Boolean is a data type that returns true and false values, just like having a yes and a no option. In the example below, the bool will return true because 5 is actually less than 10.

let bool = 5 < 10;
console.log(bool)//true

In this second example on boolean below, 10 is less than 5 so the false value will be returned. 

let bool = 10 < 5;
console.log(bool); //false

Null is a datatype in JavaScript that represents empty values. It is an object that is assigned to a variable as a representation of no value. Here is an example:

var value = null;
console.log(value);

Undefined is the last non-primitive data type we will look at in this article. When we declare a variable and it has no value assigned to it yet, we say it is undefined. Look at the lines of code below:

var value;
console.log(value);// This will print out undefined as the value

Non-Primitive Data Types

Object is a non-primitive data type in JavaScript. Arrays and functions are part of ‘object’ data type in JavaScript. In this section we will treat objects, arrays, and functions individually, and see how we can declare them with some examples.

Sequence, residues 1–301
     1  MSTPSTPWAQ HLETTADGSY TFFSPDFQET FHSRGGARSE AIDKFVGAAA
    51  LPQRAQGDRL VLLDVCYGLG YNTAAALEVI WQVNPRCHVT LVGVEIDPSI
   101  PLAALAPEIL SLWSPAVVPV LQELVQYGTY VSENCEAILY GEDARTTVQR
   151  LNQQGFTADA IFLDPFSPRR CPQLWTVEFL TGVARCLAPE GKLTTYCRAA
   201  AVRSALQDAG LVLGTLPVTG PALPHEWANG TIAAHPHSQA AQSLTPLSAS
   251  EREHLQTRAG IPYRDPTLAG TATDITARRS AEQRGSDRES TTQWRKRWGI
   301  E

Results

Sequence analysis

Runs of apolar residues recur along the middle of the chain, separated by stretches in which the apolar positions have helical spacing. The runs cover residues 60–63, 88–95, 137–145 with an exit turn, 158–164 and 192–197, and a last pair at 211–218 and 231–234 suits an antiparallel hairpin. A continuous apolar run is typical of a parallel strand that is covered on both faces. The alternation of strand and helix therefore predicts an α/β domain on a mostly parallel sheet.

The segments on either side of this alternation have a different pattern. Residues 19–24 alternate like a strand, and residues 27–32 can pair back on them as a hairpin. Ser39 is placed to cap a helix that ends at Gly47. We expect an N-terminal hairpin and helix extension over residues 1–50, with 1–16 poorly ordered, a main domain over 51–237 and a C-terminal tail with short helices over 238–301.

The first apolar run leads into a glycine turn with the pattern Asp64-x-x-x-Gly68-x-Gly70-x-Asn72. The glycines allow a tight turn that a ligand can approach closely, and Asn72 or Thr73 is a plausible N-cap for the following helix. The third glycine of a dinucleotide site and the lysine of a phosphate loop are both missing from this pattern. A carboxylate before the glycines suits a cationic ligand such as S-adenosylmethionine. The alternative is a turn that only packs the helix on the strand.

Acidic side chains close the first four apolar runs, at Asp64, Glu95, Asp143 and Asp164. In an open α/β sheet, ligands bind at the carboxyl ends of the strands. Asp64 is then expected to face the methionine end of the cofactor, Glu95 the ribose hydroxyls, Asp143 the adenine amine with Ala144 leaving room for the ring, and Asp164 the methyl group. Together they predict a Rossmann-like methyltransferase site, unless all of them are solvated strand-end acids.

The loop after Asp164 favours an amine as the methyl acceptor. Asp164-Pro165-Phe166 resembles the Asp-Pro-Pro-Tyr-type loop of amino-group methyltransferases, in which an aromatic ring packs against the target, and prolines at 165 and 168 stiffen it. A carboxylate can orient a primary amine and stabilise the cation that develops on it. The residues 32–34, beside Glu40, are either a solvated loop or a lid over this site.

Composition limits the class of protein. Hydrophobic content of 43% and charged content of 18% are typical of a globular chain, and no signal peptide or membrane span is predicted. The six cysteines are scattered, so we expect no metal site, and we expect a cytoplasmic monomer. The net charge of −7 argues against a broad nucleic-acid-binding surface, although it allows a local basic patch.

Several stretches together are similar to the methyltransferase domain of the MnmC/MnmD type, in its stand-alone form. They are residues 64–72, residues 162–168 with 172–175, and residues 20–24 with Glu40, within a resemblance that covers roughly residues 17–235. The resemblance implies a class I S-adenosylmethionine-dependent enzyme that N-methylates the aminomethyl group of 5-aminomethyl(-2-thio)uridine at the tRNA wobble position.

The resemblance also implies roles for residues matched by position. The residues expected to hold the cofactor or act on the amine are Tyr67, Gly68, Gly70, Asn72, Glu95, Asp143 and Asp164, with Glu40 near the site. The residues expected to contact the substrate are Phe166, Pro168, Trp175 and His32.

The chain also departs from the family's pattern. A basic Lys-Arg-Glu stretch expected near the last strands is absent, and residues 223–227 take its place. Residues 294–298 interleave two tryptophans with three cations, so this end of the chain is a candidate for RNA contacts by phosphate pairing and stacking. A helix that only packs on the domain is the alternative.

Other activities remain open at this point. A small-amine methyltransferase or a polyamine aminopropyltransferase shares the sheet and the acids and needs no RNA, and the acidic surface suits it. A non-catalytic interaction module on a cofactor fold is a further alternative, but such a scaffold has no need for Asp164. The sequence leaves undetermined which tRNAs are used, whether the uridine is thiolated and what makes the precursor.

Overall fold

Objects have a key and a value and are enclosed in a curly bracket.

Here is an example of an object:

var obj = { name: "faith",
            age: 70,
            online: true
        }
console.log(obj);

In the above example, the object Obj contained three distinct primitive data types. The value of the first key, name, is a string named faith, and the value of the second key, age, is a number datatype. In contrast, a boolean with a true value represents the third data type.

What is an array? It is a list of data or values enclosed in square brackets. Arrays can contain data of the same or different types. Their index references their values. To understand what an array is, let’s make one.

let num = [1,2,3];
console.log(num);

This prints out all the values in the array into the console.

We also used the array’s indexes to access the values individually in the example below:

let num = [36,21,13];
console.log(num[0]);

Since we count from zero in programming, we access the first number on the array list as index 0, and the second number on the list becomes index 1. That is, 36 which is the first number on the list in the above example  is index 0, while index 1 is the second number on the list which is 21 and so on. 

To check if arrays are classified under the object data type, we use the typeof operator. Here is an example: